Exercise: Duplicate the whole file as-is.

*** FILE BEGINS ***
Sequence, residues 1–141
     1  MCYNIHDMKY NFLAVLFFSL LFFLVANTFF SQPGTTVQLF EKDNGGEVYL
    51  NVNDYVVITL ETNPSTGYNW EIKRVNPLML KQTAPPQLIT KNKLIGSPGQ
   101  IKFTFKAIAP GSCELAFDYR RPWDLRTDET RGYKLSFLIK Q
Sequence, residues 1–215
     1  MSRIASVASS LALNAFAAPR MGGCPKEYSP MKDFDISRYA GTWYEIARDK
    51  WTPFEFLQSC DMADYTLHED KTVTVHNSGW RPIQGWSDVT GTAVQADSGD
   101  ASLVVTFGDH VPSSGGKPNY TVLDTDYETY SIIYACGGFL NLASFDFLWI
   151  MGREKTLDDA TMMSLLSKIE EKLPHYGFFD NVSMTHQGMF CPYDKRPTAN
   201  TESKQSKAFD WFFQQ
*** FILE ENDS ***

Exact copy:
Sequence, residues 1–141
     1  MCYNIHDMKY NFLAVLFFSL LFFLVANTFF SQPGTTVQLF EKDNGGEVYL
    51  NVNDYVVITL ETNPSTGYNW EIKRVNPLML KQTAPPQLIT KNKLIGSPGQ
   101  IKFTFKAIAP GSCELAFDYR RPWDLRTDET RGYKLSFLIK Q
Sequence, residues 1–215
     1  MSRIASVASS LALNAFAAPR MGGCPKEYSP MKDFDISRYA GTWYEIARDK
    51  WTPFEFLQSC DMADYTLHED KTVTVHNSGW RPIQGWSDVT GTAVQADSGD
   101  ASLVVTFGDH VPSSGGKPNY TVLDTDYETY SIIYACGGFL NLASFDFLWI
   151  MGREKTLDDA TMMSLLSKIE EKLPHYGFFD NVSMTHQGMF CPYDKRPTAN
   201  TESKQSKAFD WFFQQ